got from the research experiment that was designed for the particular research).
The author may also explain the limits on the article, the length of time, the geographic location, the extent of the information that's going to be used, the theories that are going to be applied. (in material and method section)You
should also be able to tell what the author's point of view is. (support or
Write out the thesis statement as you find it in the article. It is
sometimes only one sentence; sometimes two or three.
Sometimes the sentences are separated from each other. An
author might be obvious about it: "This paper will argue. . ." Thesis
(the sentence of this kind is usually in the discussion section)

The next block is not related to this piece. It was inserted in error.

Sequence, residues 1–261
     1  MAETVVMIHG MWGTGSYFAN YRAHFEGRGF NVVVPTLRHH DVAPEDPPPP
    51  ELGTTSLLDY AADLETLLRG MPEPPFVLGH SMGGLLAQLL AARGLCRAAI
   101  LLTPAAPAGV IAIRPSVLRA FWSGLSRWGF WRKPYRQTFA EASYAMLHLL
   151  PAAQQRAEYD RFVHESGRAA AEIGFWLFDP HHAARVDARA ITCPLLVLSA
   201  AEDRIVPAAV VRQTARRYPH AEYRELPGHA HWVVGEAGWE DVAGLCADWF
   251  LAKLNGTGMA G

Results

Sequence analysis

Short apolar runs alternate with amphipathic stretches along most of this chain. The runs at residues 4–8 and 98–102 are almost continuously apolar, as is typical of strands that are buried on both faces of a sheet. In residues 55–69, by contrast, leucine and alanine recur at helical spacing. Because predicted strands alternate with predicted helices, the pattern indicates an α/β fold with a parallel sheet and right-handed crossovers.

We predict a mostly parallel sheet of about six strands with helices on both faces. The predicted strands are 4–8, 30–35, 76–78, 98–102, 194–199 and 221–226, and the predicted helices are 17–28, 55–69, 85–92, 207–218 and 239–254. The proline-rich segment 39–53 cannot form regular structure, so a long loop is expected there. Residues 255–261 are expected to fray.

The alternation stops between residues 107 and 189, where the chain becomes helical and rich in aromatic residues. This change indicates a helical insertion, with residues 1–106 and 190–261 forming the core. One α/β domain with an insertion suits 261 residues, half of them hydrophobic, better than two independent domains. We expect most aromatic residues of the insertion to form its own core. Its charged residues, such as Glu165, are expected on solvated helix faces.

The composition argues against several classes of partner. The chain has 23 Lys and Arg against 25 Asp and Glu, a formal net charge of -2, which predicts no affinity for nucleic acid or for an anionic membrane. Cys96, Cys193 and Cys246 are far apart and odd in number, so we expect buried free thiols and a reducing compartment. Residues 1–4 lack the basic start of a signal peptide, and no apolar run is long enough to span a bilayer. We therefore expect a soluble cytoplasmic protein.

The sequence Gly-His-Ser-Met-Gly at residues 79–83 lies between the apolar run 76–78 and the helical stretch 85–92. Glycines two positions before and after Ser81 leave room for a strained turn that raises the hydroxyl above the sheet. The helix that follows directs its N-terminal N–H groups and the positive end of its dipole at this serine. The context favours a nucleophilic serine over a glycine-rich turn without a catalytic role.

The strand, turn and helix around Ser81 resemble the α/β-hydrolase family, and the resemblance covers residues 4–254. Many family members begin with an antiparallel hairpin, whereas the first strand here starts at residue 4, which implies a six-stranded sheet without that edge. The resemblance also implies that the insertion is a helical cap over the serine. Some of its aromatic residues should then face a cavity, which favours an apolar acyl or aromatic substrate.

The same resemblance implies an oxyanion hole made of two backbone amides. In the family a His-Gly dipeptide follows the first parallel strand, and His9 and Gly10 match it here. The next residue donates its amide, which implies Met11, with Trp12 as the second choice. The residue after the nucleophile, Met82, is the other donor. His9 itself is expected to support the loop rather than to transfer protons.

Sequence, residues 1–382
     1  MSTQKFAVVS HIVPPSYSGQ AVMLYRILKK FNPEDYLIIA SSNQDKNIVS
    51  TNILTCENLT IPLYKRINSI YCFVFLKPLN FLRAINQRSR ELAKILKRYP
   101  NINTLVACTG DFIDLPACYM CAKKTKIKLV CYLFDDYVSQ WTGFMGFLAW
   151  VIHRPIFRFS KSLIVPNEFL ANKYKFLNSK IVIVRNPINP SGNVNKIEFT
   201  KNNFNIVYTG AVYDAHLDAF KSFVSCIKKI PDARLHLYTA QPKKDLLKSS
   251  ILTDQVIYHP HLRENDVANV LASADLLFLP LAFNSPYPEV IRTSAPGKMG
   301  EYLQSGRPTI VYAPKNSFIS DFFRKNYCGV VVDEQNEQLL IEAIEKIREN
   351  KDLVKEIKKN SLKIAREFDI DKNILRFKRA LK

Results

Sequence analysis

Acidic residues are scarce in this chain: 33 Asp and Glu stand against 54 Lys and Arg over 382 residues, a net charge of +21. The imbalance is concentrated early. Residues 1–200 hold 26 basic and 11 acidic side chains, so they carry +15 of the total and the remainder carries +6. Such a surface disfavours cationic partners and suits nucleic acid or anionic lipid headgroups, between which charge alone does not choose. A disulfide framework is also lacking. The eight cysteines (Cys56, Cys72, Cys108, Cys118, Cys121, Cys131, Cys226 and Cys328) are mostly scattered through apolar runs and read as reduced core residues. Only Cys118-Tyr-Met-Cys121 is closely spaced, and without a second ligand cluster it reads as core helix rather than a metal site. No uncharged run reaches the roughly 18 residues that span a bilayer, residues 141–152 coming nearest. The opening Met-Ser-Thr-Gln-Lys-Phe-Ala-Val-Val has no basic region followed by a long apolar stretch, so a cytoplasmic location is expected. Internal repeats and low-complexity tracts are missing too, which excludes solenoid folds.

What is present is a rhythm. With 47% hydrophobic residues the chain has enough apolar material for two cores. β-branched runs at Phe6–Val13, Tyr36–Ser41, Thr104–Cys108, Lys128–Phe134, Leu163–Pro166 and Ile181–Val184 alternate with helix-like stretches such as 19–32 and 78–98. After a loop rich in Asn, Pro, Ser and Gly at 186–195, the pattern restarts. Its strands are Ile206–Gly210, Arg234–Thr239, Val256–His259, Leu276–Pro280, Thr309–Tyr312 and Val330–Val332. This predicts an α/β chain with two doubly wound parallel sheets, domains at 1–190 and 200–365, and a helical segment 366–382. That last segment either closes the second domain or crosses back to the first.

or subtle, giving only a statement of his or her interpretation
followed by some indication of the evidence that will support
Note here what evidence the author claims will be used to
support her/his argument. This question may well have been
answered in the first step, by checking the notes. Use this stop Evidence to expand your grasp of the evidence. (evidence or
interpretation of the evidence; usually in result section and in
Writers of articles rarely tackle big topics. There isn't enough
room to write a history of the world or discuss big issues.
Articles generally focus on a particular event, change, person,
phenomenon, or idea. It may be further limited by a narrow Limits
geographic focus, a limited period, or being restricted to a
particular group of people. Note what limits the author places
on the article. (in discussion section)
This is sometimes easy to detect; sometimes you have to feel
it out by looking at what things are described positively and Point of